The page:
South’s Culture Week sparks discourse, FOIA request

Libby Flower '20, Supervising Editor at Large

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Late last week, a group of Grosse Pointe community members requested information and documents regarding South’s recent Culture Week through the Freedom of Information Act (FOIA).

The Culture Week was put on by one of South’s organizations, Students Empowering Education for a Diverse Society (SEEDS). This was their first year planning the event, which included optional activities such as a guest speaker, a Dialogue Day and a viewing of the movie The Hate U Give.

Anne Vanker, one of the parents involved in the FOIA request, said this information was requested after she had posted to Facebook sharing her concerns with the Culture Week, specifically, a historical exhibit in Cleminson Hall about privilege.

This post garnered many responses, in support and in opposition to Vanker’s opinions, but she said she doesn’t regret posting it.

“I will never regret it,” Vanker said. “How could I regret fighting for what’s right? I’m fighting for the involuntary minors stuck over at South under this. So if not me, who? And if not now, when?”

Vanker said she mainly learned about Culture Week’s activities from her tenth grade son whose American Literature class went down to Cleminson to view the historical display and fill out the reflection sheets, which Vanker said he wasn’t comfortable with.

“He showed me the reflection sheet but I’d already gotten the reflection sheet from a couple of concerned parents,” Vanker said. “So then I looked into it…and this is outside of the curriculum. It’s a federally-funded school. Student clubs, through the Equal Access Act… don’t get to start instructing.”

Vanker said her son sent her photos of the Cleminson Hall posters. She said these photos, along with her son’s concerns, caused her to go onto Facebook.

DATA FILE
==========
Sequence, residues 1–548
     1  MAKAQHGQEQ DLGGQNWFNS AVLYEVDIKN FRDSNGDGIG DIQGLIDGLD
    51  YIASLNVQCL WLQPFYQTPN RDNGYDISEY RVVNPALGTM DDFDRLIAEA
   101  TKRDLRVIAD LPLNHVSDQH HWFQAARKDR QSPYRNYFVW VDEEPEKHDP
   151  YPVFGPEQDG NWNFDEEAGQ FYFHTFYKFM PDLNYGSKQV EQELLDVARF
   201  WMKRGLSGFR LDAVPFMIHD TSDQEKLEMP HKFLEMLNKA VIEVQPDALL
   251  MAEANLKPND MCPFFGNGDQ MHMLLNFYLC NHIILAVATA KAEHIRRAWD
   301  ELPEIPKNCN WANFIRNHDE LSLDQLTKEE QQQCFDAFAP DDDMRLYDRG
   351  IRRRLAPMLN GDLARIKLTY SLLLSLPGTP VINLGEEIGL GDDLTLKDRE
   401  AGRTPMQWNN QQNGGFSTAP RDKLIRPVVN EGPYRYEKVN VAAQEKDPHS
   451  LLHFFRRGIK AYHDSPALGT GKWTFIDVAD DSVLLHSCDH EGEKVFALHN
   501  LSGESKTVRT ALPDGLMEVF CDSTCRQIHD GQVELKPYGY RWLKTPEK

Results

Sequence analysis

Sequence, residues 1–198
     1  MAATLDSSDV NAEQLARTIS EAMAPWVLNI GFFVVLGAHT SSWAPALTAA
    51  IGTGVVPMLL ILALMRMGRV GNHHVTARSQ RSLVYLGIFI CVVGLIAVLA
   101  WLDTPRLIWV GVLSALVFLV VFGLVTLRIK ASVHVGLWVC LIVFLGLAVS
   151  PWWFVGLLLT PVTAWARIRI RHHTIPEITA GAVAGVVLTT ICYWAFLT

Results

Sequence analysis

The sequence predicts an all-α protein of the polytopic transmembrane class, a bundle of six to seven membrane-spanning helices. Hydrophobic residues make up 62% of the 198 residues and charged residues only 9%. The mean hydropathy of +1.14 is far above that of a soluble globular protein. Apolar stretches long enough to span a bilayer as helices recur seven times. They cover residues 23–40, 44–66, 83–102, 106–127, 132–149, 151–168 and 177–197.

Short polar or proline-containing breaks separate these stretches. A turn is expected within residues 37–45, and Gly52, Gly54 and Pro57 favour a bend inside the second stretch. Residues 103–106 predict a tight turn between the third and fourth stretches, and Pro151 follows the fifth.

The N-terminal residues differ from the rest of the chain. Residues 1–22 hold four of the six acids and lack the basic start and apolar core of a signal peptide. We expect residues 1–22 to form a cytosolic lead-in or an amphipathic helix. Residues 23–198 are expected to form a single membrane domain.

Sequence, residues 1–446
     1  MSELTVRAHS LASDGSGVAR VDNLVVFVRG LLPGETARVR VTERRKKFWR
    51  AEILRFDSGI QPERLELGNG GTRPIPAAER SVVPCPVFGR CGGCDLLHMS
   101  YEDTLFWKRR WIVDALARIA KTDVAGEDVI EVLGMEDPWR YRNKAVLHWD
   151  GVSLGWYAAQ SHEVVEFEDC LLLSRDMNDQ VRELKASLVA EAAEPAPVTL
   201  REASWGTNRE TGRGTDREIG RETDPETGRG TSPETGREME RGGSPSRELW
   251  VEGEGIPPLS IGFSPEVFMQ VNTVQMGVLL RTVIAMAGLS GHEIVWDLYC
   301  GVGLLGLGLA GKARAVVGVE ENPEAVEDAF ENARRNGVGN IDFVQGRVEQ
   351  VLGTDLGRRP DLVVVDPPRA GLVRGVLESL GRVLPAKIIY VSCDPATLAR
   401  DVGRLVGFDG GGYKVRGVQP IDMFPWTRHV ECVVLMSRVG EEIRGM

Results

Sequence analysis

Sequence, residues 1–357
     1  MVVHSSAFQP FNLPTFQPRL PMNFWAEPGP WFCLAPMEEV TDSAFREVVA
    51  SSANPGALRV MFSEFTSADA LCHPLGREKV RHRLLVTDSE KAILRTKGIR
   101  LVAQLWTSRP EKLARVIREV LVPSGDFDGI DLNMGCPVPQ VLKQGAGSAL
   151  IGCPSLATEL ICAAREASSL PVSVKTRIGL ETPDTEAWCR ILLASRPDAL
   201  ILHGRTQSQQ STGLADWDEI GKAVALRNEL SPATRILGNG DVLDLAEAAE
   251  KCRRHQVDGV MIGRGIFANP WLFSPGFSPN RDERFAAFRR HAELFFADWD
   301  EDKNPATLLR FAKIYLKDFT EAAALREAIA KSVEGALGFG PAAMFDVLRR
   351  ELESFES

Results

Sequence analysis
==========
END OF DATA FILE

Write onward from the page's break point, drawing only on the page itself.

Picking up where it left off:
“I posted (to Facebook) because I’m a taxpayer, and as a federally funded school, they (South) have no business letting a student club indoctrinate our kids,” Vanker said.

Social studies teacher Kendra Caralis said she took her two Sociology classes to see the Cleminson display because it tied in well with their curriculum; she also discussed it with her students afterward.

“We used the reflection sheets and it gave the students a chance to look over some facts and gave us more to talk about… things that they weren’t aware of,” Caralis said. “It’s really important when we teach social studies that we’re looking at our own environment.”

Katie Cherven ’20, one of the SEEDS facilitators, said when organizing the event they thought the reflection sheets necessary in order to have an impact on the student body.

“It’s really easy for a student to see a bunch of text and read it or not read it, and then just go about their day,” Cherven said. “But if you have to reflect on it and you can apply that information to your life and take it with you outside of the classroom, then it’s kind of useful.”

Caralis who talked with her students after the activity said according to her students, none of them felt uncomfortable or forced into the activities. In fact, she said the students thought of it more as a good experience.

“I said, did you feel upset by it? Did you feel that I was forcing this on you in any way?” Caralis said. “It was a resounding no. As one student pointed out, nobody forced them to read the boards or fill out the packet. The important thing is that students know if they’re ever uncomfortable doing something, they don’t have to do it.”

Cherven said their goal with the Cleminson display was to gather credible information that students aren’t normally exposed to in the classroom.

“We wanted to present it in an easy to read and applicable way so that they (students) could take it with them after they left the classroom,” Cherven said. “Reflect on it and leave school at the end of the day with something new.”